According to Theresa May, Brexit means Brexit. The British voters expressed their will during the vote of 2016 and now the Prime Minister has to enforce their wish. The talks officially started last March when Mrs. May triggered article 50 of the Treaty of Lisbon. However, as London prepares for the divorce, they begin to realize how harmful it might be for the country’s economy.
London will lose highly qualified jobs. Banks that have headquarters in the UK will have to move to an EU member state to take the advantages of the single market. HSBC already announced its intention to settle in another financial hub, likely to be Paris. This is just the tip of the iceberg since the European Banking Authority shall also move abroad.
There are politicians who are working to avoid the Brexit. One of them is the incumbent mayor of London, Sadiq Khan, who expressed his dissatisfaction with the current state of affairs during an event for European ambassadors:
“It’s illogical to assume we can have a better deal or as good a deal with the EU outside the EU. It wouldn’t happen with a tennis club, or any club.”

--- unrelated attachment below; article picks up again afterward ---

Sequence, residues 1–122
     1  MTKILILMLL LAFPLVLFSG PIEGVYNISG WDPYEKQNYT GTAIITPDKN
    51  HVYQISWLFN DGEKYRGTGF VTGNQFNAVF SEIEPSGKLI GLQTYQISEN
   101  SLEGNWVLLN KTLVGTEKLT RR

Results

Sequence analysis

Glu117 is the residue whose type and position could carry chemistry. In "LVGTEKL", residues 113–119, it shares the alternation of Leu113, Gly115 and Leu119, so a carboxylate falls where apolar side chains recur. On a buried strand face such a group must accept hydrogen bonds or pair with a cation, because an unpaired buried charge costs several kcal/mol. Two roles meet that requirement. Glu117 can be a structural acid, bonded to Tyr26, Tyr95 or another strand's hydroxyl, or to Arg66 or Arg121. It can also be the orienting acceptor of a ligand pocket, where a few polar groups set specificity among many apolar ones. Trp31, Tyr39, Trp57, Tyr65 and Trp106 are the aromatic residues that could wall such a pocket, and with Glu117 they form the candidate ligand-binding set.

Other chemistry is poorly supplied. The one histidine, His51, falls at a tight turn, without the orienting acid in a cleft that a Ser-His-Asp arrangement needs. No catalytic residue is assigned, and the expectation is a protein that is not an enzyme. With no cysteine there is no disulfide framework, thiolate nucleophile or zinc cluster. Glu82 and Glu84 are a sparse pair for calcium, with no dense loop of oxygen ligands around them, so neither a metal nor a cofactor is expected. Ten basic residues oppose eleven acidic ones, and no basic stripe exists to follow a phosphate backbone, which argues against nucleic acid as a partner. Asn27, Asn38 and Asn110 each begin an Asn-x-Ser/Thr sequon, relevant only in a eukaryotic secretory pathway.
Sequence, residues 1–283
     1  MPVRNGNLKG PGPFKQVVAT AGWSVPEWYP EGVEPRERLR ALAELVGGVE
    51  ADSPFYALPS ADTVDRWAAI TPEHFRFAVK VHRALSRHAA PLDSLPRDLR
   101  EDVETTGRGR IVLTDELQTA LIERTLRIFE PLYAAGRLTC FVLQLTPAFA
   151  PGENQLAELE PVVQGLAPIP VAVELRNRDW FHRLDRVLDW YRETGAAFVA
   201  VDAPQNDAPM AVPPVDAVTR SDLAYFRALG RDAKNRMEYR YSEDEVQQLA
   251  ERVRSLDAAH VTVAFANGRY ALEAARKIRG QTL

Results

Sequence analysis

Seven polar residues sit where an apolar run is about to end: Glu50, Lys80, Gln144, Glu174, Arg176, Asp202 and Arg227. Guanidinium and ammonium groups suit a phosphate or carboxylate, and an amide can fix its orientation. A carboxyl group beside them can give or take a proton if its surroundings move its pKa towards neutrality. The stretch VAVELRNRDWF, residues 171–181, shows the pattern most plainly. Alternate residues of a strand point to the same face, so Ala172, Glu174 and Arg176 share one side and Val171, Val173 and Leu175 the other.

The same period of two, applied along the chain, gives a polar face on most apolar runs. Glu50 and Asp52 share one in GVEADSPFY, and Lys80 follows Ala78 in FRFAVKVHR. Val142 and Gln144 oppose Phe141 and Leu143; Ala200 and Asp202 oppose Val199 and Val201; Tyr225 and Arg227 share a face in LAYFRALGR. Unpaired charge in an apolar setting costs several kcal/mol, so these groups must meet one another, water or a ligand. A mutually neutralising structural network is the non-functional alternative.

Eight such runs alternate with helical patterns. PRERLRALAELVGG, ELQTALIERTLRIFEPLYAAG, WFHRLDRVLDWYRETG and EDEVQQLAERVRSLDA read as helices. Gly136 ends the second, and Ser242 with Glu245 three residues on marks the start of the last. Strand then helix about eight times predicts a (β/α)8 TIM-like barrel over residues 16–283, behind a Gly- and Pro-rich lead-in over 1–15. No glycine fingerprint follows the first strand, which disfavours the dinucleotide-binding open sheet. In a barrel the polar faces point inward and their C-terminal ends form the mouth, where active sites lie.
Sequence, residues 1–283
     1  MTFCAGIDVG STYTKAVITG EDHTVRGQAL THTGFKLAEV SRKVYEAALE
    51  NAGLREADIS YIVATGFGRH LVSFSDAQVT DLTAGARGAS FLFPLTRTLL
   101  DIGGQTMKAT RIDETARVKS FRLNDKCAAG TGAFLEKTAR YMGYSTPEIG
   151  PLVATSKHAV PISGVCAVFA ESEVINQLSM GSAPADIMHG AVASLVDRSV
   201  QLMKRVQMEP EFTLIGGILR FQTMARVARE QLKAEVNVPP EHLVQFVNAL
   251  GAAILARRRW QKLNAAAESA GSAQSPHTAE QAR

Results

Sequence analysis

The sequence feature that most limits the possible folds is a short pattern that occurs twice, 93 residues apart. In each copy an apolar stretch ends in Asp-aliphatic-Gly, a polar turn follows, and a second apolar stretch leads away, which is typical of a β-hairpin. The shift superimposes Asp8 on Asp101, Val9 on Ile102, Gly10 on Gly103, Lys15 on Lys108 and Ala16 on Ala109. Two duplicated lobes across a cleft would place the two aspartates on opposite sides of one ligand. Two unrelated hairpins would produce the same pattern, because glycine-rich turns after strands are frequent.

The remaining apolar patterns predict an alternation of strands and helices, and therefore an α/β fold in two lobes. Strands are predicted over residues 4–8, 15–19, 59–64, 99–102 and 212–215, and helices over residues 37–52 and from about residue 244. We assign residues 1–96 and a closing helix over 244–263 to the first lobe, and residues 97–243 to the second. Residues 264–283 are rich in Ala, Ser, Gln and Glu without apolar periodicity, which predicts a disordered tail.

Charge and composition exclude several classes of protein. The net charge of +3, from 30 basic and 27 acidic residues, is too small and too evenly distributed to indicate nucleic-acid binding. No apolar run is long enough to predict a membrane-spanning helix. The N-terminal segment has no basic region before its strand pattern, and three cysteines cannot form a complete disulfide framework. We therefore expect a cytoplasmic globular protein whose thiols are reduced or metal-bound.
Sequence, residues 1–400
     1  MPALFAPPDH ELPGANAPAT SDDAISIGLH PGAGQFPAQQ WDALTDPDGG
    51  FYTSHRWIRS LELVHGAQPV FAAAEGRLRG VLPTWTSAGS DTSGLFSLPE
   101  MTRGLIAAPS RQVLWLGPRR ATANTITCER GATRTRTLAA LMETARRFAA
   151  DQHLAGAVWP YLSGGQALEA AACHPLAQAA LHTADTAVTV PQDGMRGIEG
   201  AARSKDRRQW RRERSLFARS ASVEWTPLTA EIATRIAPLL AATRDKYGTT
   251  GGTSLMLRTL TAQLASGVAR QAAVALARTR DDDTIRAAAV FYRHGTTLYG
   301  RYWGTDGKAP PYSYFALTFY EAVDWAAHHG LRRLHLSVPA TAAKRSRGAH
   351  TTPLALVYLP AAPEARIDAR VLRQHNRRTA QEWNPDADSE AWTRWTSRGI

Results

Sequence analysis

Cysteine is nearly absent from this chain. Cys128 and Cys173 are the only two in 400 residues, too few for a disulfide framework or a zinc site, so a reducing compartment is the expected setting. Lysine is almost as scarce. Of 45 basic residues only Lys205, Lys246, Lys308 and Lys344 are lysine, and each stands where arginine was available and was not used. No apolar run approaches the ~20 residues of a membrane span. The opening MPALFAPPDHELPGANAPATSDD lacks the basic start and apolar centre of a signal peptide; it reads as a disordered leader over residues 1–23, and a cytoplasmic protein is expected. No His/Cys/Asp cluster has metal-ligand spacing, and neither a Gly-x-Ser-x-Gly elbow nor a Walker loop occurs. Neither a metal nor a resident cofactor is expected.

For Mr. Khan, the battle is not over, Brexit is not a fait accompli. The labor party could still propose to not leave the Union or hold another referendum. It’s simple, but not easy to implement it. Why? Because of the party leader, Jeremy Corbin, already expressed his view of complying with last year’s decision taken by voters. Therefore, a campaign to revert Brexit can divide the labor party.
The division within the party, however, might be already on its way. According to the British newspaper the Guardian most members of the Labour party support remaining in the customs union and single market. Also, they are enthusiastic about holding a second vote.
Now, it’s time to wait and see what will happen behind closed doors, text messages and coffee breaks. When it comes to British politics, nothing can be taken for granted.